Finally, in a December 1994 hearing, Judge George Nielsen told Clemency, "The firm does not bill people just for asking for representation. I see a bill for $48 from lawyers; I presume that there was some consultation."

Indeed there was. Clemency produced a copy of the letter to Warner prepared in 1983 by a Streich Lang attorney that states, ". . . this firm has been instructed and is commencing preparation of a draft of deed restrictions for the above-referenced property, which restrictions will limit the commercial uses . . ." and ". . . this firm will then proceed to put the deed restrictions in final form."

Clemency did not respond to repeated requests to be interviewed.
According to Warner attorney Vining, this was the first time the Warner side had seen such a letter. Clemency stated in court that he was under the impression that the file had been sent.

On May 1, Judge Nielsen disqualified Streich Lang from representing Bank One in Warner's bankruptcy. The firm remains counsel to Bank One in the civil cases, however, which Warner's plans to contest.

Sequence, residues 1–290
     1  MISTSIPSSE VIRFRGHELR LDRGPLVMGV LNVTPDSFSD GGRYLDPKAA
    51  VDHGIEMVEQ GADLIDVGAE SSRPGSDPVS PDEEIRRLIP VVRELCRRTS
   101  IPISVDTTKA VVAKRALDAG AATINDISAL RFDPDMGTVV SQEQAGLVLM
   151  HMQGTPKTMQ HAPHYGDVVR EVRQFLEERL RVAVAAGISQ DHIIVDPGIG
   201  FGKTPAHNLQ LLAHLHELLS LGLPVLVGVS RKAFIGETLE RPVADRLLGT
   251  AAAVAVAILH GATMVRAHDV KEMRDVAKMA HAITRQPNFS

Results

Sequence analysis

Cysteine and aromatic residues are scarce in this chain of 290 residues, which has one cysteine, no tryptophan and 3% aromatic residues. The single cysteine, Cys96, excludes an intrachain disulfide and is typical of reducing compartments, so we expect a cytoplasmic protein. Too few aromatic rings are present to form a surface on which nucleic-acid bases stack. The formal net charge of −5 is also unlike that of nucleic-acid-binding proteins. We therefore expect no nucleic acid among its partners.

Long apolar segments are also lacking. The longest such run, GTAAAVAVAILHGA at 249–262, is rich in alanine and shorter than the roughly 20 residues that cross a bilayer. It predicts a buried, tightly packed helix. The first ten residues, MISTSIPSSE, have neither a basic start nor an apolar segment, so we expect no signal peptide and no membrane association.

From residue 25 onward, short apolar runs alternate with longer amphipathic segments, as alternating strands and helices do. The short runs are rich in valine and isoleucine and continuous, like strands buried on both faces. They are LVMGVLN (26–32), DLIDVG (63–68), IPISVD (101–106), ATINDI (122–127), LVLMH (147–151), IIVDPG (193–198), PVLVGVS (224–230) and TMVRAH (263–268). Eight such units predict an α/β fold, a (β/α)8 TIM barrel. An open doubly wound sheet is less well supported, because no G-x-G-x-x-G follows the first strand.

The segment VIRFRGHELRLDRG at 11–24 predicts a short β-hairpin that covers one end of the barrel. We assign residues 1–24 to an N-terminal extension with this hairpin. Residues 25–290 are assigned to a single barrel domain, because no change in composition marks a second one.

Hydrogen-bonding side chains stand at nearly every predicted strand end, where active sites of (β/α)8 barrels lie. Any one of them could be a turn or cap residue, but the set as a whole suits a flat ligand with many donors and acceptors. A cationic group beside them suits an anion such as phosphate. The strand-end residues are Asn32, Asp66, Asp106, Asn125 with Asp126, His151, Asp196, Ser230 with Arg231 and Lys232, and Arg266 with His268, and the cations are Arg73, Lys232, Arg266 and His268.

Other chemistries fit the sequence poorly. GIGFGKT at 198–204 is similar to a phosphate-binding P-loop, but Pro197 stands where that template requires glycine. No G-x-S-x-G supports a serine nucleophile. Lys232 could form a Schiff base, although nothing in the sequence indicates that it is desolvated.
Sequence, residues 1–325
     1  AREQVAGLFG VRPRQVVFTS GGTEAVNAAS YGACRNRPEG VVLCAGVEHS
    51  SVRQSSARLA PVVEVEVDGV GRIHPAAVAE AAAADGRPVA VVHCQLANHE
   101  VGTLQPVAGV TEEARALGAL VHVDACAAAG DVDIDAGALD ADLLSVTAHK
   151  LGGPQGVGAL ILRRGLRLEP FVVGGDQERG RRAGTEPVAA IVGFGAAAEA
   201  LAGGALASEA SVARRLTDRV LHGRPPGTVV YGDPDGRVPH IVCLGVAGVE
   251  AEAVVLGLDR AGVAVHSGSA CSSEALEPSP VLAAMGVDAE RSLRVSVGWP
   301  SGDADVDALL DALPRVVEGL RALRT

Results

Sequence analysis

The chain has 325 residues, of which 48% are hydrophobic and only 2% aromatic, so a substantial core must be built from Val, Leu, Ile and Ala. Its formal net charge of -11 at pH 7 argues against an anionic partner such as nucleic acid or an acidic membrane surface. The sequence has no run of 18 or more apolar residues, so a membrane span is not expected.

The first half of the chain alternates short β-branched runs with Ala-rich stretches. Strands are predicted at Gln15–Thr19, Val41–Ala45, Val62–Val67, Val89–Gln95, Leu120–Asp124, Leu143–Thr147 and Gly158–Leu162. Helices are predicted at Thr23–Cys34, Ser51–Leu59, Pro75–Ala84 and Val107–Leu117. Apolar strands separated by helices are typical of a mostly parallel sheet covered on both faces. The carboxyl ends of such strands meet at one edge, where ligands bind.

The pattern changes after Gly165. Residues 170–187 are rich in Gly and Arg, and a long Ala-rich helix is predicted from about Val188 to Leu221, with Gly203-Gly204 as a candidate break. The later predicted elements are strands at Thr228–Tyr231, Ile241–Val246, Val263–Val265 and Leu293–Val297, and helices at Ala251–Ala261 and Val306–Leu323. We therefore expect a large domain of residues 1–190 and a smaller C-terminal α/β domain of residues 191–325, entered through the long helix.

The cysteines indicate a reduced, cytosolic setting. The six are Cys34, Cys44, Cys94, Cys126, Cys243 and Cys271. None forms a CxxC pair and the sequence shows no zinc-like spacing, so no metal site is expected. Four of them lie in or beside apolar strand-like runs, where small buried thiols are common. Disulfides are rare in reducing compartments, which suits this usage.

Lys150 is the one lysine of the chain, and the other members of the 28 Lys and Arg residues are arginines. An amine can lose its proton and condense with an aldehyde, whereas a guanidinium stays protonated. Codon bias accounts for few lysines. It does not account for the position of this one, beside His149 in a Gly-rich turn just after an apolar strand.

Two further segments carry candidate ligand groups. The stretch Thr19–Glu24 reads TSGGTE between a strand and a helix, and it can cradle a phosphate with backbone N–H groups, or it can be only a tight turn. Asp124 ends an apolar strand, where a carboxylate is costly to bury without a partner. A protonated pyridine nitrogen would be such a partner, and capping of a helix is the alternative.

Ron Warner would like to have the money back that he says was stolen out of his business. He's also asked for punitive damages against the bank. He says he plans to create a fund to help other businesses in a similar situation bring legal action against the bank. Warner's recently sent out a copy of Guthrie's January affidavit, along with a cover letter explaining how the company alleges its business was stolen, to about 500 customers and suppliers.

Warner's has hired new designers and is putting the business back together. In August, it plans to move to a new location in Scottsdale, assuming the court doesn't rule in favor of liquidation.

"It's just survival," says Ron Warner. "The first thing I have to do is keep this corporation alive. There are just so many hurdles to jump through."

Ebbett and Guthrie started their own design business with two or three other former Warner's employees about a month after Warner tossed them out.

Guthrie settled with the Warners for about $40,000 in a $2.5 million judgment against him.

Perhaps more important to Ron Warner than the money is his name and reputation. And that's what he seems to be fighting for the most.

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It always warms my heart to see how a small business can develop into a million-dollar enterprise with sheer hard work and talent. But when that same business shatters, the feeling can be crushing. Still, this incident at Warner’s not only opened doors to queries, but also opened eyes to the dirty world of money-making.

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